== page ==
March 15, 2011
A group of international scientists, including a University of Guelph biologist, are studying some introduced species that dominate new habitats when native plants should technically have the advantage.

The findings were published in the journal Ecology Letters.

University of Guelph researcher Andrew MacDougall said, “Biological invasions are one of the planet’s greatest threats to biodiversity and ecosystem services. Invasive plant species present a serious environmental, economic and social problem worldwide.”

Despite substantial research, scientists know little about why some species dominate new habitats, when native plants should technically have the advantage.

A common, but rarely tested assumption, is that some special behaviour enables these plants to become more abundant in their new homes than in their native communities. “If true, then biosecurity screening procedures should focus on how introduced species behave,” explained MacDougall.

Scientists involved in this global collaboration are termed the Nutrient Network, which includes MacDougall’s lab. The group has spent three years collecting data for 26 plant species at 39 locations on four continents. What the scientists found was that what is known as the abundance assumption did not hold for the majority of plant species. Twenty of the 26 species were equally, or less abundant at both new and native sites.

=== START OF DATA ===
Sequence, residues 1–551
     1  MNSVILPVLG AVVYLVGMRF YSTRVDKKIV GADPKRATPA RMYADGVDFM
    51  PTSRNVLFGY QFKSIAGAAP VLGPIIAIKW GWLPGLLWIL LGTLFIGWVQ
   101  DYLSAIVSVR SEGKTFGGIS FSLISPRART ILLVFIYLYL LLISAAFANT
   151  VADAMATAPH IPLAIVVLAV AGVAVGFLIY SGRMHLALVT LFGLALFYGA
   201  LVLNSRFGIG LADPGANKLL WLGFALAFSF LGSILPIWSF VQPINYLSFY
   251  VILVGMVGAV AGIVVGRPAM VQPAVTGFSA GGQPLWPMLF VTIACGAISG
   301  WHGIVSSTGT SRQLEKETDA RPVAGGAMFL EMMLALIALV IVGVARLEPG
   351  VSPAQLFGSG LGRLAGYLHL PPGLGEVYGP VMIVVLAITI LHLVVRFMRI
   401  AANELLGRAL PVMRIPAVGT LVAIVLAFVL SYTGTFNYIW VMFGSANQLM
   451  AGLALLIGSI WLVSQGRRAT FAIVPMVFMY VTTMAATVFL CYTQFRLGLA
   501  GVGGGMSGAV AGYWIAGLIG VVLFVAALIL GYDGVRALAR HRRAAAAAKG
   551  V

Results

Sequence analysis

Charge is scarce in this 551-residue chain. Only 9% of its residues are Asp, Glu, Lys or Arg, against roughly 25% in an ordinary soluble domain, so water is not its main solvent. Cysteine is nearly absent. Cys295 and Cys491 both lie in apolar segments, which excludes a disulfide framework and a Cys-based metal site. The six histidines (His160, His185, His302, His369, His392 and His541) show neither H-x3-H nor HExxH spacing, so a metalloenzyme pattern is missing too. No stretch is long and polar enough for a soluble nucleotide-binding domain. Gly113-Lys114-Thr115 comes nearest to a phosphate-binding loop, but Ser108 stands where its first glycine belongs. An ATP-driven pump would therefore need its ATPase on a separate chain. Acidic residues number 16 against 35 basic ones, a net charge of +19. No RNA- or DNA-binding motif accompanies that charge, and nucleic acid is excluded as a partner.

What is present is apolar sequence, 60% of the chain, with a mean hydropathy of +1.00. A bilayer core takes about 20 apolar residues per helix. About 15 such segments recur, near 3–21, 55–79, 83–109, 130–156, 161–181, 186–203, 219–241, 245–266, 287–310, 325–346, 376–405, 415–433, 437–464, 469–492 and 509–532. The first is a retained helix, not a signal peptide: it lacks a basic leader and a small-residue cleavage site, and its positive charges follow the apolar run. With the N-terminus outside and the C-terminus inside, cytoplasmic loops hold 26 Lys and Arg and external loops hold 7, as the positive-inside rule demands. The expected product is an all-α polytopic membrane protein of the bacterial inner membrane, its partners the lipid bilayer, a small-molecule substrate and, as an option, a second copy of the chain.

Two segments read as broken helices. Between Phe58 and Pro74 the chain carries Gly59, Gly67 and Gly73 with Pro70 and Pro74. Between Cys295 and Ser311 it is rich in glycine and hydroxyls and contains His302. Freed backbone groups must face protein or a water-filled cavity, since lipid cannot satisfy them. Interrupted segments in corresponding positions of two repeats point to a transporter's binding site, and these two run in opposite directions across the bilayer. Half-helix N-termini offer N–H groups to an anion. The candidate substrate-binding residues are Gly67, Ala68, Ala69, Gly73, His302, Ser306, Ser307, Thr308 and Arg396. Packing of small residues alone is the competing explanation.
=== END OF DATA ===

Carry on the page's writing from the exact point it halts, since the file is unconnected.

“Instead, abundance at native sites can predict abundance at introduced sites, a criterion not currently included in biosecurity screening programs,” said Jennifer Firn of Queensland University of Technology, the study’s lead author Thirty-six other scientists were involved in the research.

“Predicting success of invading species is difficult and uncertain but very important,” said Henry Gholz, program director in the National Science Foundation’s division of environmental biology, which funds the Nutrient Network.